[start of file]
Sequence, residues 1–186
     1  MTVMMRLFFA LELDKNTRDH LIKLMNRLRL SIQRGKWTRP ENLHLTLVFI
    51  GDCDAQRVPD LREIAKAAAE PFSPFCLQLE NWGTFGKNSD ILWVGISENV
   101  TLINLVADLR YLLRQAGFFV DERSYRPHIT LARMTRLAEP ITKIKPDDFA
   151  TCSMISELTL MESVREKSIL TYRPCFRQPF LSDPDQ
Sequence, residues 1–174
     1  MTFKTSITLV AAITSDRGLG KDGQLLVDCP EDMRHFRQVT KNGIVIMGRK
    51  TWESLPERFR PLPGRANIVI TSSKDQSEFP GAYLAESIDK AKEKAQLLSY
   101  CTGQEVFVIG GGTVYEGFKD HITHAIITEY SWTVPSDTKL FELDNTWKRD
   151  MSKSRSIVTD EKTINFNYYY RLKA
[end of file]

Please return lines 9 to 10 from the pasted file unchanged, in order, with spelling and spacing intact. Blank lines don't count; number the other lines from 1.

   101  CTGQEVFVIG GGTVYEGFKD HITHAIITEY SWTVPSDTKL FELDNTWKRD
   151  MSKSRSIVTD EKTINFNYYY RLKA